I just loved this roast Peruvian chicken recipe and the aji verde that went with it. The chicken came out juicy and nicely seasoned.
I used a gluten-free beer in the marinade because I have to eat gluten-free. I chose New Planet Tread Lightly Ale, which worked nicely in this recipe.
The green sauce was served at the table to spoon over the chicken after the bird was carved. The green sauce has a nice kick and was fantastic on the chicken. It also made an excellent dip for the French fries we had to go with the meal and was very good as a sauce with my morning breakfast taco the next day.
The sauce is so versatile that I’d recommend going ahead and making a double batch, as you’ll want to try it on everything. I do think the cheese could be omitted.
I find aji amarillo paste at a local supermarket that caters to a Hispanic and Caribbean population and has a Peruvian section. If you can’t find it locally, you can order it on Amazon. I do think the aji amarillo paste is worth seeking out, as it’s an essential ingredient in many Peruvian dishes, such as causa, and it has a unique flavor that you just won’t get with a substitute.
I love the flavors of Peruvian food, especially the tartness of abundant lime juice, and this Peruvian-style chicken recipe delivers. The marinade infuses the chicken with a subtle flavor and ensures the chicken is moist despite the high oven temperature.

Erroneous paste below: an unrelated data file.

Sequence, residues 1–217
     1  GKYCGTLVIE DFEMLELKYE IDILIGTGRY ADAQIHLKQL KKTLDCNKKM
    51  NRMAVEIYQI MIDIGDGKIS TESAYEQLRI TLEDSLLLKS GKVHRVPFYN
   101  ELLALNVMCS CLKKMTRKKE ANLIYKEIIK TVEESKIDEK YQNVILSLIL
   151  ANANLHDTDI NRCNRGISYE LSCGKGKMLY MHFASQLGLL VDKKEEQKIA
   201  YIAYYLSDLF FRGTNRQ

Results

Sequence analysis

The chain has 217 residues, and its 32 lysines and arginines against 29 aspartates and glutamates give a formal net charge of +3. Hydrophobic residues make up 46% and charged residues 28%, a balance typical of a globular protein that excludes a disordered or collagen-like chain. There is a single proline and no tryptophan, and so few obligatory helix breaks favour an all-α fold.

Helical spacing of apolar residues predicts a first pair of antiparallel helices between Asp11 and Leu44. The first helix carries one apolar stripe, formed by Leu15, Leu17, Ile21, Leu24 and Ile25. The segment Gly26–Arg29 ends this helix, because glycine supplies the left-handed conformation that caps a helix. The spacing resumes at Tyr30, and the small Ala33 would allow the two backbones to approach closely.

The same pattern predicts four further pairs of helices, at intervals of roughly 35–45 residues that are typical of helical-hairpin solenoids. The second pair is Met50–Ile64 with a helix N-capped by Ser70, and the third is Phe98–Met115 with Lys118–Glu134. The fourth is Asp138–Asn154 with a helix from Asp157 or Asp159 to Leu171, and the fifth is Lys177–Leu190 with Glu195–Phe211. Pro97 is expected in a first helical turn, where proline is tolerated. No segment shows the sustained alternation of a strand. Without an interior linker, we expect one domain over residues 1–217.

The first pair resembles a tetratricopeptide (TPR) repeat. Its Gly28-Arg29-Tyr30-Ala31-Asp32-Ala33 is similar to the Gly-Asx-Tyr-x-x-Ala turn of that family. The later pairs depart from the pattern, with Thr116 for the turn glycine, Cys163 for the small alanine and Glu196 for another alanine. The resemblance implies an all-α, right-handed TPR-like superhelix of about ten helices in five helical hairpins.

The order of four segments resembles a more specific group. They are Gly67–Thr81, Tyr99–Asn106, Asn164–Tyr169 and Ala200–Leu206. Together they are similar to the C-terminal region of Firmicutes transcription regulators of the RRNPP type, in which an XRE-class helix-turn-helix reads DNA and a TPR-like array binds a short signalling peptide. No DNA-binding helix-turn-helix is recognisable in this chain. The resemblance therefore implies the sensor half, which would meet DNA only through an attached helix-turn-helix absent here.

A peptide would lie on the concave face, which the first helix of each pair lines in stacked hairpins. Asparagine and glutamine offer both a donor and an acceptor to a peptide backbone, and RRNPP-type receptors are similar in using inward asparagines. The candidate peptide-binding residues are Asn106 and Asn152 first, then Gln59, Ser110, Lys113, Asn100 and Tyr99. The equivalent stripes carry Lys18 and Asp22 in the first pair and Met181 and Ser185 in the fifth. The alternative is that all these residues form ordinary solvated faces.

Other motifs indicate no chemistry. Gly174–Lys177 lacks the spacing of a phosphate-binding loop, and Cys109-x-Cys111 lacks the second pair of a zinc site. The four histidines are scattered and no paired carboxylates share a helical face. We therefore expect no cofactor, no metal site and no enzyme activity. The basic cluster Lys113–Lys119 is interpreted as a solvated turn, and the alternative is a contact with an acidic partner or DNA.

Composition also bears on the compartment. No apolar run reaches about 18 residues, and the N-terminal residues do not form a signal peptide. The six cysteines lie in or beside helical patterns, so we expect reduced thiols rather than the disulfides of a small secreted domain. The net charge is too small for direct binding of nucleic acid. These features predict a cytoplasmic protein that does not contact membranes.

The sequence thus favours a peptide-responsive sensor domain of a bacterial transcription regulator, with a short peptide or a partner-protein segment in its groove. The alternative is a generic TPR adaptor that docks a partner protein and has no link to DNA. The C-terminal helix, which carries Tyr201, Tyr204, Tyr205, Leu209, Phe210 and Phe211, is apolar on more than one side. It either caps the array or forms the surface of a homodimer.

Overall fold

This recipe takes a little planning, but everything pulls together pretty quickly after the marinating is done. Once the chicken is in the oven, it takes only a few minutes to whip up the green sauce.
The chicken was crisp and juicy, and the green sauce had an acidic bite to it and plenty of heat. The heat could be moderated by not including all (or some) of the jalapeno seeds.
Since I had the aji amarillo paste on hand, I prepared causa, a favorite Peruvian mashed potato dish that also uses the pepper condiment, to accompany the chicken. I had grated some excess cojita cheese, and that was good sprinkled on a green salad.
A couple of days after making the Peruvian chicken, I added some of the left-over green sauce to mashed avocados for a spicy guacamole. Usually, I prefer guacamole simply prepared, but that was good. I’ll add some extra mayo to the left green sauce and try it as a dipping sauce for fried oysters.
I love this Peruvian chicken recipe because you can assemble all the ingredients the night before, bake it the next day, and voilà! You have a fantastic dinner.
I marinated the chicken for about 18 hours, which made it most amazingly moist. I roasted the chicken for about 35 minutes, rendering it juicy with crisp skin.
I served the chicken with roast potatoes flavored with toasted coriander and cumin powder and poured the sauce over the potatoes. They were just perfect.
As the temps outside drop, the heat of this Peruvian chicken recipe provides reminders of tropical flavors. I marinated the chicken for about 15 hours and then roasted it for about 45 minutes.
I couldn’t find the aji amarillo paste, so I did as suggested and upped the jalapeños. I served the sauce on the side and let my diners decide how much heat they wanted to experience. All the flavors came together to create a tropical dish that was nice to experience with rice.
A mango salsa would also be nice with this. I might try adding some sauce to the marinade in the future.